We listen to it specifically at this time of year. The lads are dressed up in big heavy jackets with fake snow falling in the video.

There’s a Christmas bell chime section at the end of the track.

It’s a Christmas song, and that’s that. Over to you, Stephen ‘the Heathen’ McDermott.

‘A marketing ploy dressed up in holly and tinsel’ – Stephen McDermott

I can see why people have been led to believe that ‘Stay Another Day’ is a Christmas song. It’s most regularly heard in December and even features on the Spotify-curated ‘Christmas Crackers’ playlist.

But it’s time to wake up and smell the stuffing: ‘Stay Another Day’ is as festive as sandals on a sun holiday, a cynical marketing ploy which saw an already banging tune dressed up in holly and tinsel.

The most Christmassy thing about it is that people have been duped into believing it’s a Christmas song in the first place.

#Open journalism No news is bad news Support The Journal

Your contributions will help us continue to deliver the stories that are important to you

Support us now

As Sean has mentioned, ‘Stay Another Day’ was released in November, conveniently just in time for the group’s record company to cash in on the lucrative December market.

But the song isn’t actually about Christmas at all: the group’s Tony Mortimer – who wrote it – has said it’s actually about his brother’s suicide.

Look at a list of every other Christmas song ever written and you’ll notice similar themes: Christmas, festive traditions Santa, Jesus, winter activities, snow, and so on.

‘Stay Another Day’ doesn’t cover a single one of them. Should we start bending the rules and include other December number into the Christmas canon?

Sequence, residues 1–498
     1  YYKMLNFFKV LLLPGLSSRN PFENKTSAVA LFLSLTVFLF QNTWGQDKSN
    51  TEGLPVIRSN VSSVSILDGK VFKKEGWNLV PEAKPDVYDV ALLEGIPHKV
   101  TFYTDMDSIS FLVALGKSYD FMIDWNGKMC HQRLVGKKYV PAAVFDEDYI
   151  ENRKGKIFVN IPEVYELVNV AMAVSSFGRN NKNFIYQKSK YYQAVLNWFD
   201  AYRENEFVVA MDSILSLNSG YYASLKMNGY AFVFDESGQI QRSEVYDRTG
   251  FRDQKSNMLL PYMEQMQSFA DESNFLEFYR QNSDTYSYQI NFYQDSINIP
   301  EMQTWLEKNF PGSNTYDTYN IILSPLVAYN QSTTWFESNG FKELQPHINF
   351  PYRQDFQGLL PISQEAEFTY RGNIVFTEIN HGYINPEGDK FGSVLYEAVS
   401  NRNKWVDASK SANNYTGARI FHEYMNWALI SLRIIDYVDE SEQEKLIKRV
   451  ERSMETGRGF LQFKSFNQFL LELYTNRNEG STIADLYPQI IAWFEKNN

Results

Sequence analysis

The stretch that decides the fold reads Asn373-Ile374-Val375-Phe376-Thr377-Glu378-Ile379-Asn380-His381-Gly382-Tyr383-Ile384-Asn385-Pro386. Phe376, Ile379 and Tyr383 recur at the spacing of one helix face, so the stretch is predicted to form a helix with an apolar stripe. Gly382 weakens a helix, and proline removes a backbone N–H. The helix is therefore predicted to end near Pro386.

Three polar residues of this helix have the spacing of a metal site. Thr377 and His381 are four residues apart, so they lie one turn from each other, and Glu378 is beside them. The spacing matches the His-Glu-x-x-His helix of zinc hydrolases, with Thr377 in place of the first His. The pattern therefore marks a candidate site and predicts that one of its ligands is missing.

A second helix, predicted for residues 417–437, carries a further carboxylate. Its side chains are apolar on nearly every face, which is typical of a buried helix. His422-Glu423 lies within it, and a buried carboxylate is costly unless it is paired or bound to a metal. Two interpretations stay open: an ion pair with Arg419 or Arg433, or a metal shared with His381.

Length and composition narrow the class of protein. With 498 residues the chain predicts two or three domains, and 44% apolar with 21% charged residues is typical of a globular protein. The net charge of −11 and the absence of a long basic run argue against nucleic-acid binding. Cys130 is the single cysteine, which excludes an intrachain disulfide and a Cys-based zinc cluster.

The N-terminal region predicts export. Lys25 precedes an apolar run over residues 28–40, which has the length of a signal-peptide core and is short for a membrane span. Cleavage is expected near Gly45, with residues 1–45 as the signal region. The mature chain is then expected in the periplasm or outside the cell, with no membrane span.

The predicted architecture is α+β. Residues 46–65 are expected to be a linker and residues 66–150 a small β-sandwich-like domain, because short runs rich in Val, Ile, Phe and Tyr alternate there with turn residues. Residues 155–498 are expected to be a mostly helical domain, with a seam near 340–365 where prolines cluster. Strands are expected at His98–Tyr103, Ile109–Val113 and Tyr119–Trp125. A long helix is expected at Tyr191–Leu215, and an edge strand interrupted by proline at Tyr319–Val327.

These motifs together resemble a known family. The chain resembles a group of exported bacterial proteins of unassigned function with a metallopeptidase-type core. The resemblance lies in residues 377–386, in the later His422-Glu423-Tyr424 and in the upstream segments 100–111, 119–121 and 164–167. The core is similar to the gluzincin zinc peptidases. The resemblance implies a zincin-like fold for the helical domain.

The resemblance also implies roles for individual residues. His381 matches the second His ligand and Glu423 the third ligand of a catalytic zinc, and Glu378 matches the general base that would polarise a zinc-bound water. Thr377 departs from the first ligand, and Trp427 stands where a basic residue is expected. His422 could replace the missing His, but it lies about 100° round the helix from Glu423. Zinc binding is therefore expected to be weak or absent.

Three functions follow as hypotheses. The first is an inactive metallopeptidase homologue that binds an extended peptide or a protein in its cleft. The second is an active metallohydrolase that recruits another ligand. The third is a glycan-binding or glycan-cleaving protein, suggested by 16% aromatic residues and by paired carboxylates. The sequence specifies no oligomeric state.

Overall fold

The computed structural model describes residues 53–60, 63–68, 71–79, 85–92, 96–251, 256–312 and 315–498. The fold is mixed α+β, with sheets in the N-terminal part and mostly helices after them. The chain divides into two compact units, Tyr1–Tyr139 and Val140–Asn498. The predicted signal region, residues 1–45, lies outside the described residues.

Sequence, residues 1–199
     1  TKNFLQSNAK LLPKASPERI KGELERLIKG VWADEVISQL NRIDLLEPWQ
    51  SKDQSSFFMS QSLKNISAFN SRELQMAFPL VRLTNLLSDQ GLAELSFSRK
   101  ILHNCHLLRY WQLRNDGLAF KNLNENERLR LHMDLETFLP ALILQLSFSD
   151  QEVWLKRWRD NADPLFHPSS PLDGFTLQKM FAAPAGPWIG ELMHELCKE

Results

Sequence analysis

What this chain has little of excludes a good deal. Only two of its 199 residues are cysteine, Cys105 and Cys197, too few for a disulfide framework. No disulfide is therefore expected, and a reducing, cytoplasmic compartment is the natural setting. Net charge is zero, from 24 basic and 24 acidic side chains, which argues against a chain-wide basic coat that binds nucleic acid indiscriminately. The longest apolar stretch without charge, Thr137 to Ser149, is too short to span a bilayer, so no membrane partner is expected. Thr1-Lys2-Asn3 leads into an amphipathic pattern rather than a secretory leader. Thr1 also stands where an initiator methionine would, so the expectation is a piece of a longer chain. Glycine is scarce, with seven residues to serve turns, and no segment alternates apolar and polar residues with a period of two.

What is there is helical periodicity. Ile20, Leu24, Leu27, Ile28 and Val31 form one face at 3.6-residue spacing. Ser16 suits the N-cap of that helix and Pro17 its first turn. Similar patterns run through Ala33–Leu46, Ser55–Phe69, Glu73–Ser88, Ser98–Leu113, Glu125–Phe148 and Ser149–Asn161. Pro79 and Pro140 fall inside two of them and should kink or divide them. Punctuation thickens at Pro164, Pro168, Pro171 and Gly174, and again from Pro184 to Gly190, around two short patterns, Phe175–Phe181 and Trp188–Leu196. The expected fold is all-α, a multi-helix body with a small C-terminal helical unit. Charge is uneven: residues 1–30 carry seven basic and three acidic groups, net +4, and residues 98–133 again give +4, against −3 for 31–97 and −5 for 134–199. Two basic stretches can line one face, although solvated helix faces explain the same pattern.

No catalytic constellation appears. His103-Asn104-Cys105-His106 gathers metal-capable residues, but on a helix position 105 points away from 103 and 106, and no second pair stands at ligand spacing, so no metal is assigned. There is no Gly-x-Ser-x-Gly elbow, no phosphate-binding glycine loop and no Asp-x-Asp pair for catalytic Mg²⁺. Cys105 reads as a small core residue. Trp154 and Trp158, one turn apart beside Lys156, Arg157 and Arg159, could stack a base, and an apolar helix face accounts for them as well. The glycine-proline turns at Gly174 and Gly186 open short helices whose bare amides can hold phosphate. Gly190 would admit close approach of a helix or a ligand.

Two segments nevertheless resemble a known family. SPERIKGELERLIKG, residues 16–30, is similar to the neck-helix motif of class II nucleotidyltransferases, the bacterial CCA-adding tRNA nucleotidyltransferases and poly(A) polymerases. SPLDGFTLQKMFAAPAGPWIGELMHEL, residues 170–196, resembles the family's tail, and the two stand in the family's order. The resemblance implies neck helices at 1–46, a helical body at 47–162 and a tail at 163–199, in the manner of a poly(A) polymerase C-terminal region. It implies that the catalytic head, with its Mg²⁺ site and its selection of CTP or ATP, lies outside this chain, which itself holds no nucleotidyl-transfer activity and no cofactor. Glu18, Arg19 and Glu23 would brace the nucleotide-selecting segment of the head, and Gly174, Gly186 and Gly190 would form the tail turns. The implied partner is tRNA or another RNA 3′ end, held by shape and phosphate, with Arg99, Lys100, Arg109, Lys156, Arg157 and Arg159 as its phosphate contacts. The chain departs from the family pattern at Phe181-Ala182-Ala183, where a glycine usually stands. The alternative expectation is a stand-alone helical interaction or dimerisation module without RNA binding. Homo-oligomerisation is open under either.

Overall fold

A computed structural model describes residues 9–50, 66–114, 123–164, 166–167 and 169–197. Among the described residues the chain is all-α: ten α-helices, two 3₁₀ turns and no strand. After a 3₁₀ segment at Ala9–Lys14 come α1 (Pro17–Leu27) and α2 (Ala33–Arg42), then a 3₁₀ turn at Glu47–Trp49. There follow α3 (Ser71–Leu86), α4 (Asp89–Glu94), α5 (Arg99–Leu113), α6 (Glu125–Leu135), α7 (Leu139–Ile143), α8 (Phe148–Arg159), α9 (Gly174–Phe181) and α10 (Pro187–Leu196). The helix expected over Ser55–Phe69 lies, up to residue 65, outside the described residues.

What about Elvis’ ‘Return to Sender’, number one in 1962? Or Eminem’s ‘Stan’, which hit top spot in 2000?

In fact, ‘Stay Another Day’ is so shamelessly not about Christmas that there are two music videos for it.

For those who haven’t seen the original, here’s the one that’s aired throughout the rest of the year:

Source: Super Eda/YouTube

I hate to break it to you, but the puffy jackets and the superimposed snow in the ‘Christmas’ video have been deceiving you all these years.

“Well what about the Christmas bells near the end of the song?” I hear you ask, to which I say “Bah, humbug.” Instrumentation does not a Christmas song make.

If that’s the case, I propose the inclusion of AC/DC’s ‘Hells Bells’, Nick Cave’s ‘Red Right Hand’ and the Undertaker’s entrance theme on Christmas playlists from here on out.

Ridiculous? You bet. But that’s where current logic has gotten us. It’s time to change our tune.

Verdict

So, after hearing both sides, what do you think? Is East 17′s Stay Another Day a Christmas song?


Poll Results:

Yes (3009)
No (1852)


About the author:

Sean Murray & Stephen McDermott

Read next:

COMMENTS (46)

This is YOUR comments community. Stay civil, stay constructive, stay on topic. Please familiarise yourself with our comments policy here before taking part.
write a comment

    Leave a commentcancel